Frequently new workers begin with their own preconceived ideas, personal expectations, hopes, and visions for what they want to accomplish. What happens when these never materialize due to changing circumstances and factors? Responding with frustration and discouragement can threaten to derail commitment. This is precisely the moment to wait and listen to God’s plans and follow him by faith. Engaging in cross-cultural missions means learning to walk by faith, not by sight—because, humanly speaking, it is an impossible, daunting task!

Extend hospitality
Early in our missionary experience when our children were small, God nudged us to consecrate our home for hospitality and ministry. Almost as soon as we did so, God began bringing people to our door. The doorbell rang so frequently that sometimes we felt overwhelmed! Although requiring much sacrifice, making our lives and home available for the Spirit’s use yielded rich rewards.

We found the home setting conducive to deep sharing, listening, and praying with new believers, many of whom came to Christ from broken backgrounds. Without this support, they easily return to old defeating life-patterns.

Although mass media has its place in communicating the gospel, we soon learned that the majority come to faith in Jesus Christ through the consistent example and loving witness of Christian friends and family. We observe that mission workers who guard their homes as their own private space tend to experience a less fruitful ministry.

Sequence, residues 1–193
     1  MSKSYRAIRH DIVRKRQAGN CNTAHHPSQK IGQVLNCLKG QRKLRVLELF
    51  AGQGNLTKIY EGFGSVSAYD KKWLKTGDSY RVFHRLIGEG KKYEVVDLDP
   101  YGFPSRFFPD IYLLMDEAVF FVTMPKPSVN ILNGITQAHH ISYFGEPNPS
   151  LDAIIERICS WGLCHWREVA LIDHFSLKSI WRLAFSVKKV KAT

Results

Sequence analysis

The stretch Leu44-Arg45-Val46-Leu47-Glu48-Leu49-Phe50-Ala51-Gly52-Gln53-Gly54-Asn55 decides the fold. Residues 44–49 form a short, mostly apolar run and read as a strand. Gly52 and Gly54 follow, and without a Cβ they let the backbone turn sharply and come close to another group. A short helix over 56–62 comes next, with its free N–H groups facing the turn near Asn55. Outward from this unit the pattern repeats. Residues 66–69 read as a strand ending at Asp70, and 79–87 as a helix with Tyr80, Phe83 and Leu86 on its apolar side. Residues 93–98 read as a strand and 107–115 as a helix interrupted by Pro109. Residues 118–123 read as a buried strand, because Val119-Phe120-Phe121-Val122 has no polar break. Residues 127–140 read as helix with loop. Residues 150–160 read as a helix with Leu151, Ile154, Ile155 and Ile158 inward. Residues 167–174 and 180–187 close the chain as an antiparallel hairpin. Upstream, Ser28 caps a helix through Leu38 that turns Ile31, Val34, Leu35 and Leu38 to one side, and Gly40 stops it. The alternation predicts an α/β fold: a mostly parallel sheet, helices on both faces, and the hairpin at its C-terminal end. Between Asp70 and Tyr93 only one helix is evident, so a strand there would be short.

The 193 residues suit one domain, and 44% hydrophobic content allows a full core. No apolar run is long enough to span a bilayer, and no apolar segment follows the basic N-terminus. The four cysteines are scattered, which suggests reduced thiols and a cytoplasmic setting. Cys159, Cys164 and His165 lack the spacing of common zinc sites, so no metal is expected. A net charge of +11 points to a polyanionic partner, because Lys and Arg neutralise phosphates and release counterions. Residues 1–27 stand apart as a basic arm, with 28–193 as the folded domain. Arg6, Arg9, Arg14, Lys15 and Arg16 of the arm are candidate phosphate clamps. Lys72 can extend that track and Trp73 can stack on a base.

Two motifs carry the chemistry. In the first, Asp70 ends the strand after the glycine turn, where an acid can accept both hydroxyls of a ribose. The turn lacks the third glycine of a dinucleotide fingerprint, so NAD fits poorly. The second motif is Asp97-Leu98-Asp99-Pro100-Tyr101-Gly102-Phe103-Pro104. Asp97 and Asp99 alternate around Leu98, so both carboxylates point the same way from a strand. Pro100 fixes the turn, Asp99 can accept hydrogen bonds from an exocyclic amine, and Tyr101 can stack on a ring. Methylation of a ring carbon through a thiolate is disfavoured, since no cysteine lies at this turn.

Focus on equipping others
Our basic mission philosophy and methodology was modeling, discipling and equipping believers in every aspect of Christian living. As soon as possible, we attempted to involve others in everything we did—as observers, active participants, and later delegating responsibility to them.

Don’t expect immediate results
A difficult lesson to learn was that “sowing the seed” is an act of faith. Although not always reaping where we’ve sown, we may reap where others have sown! We might be only a link in the chain of witnesses that brings someone to faith! Understanding this biblical principle prevents discouragement in the absence of immediate results.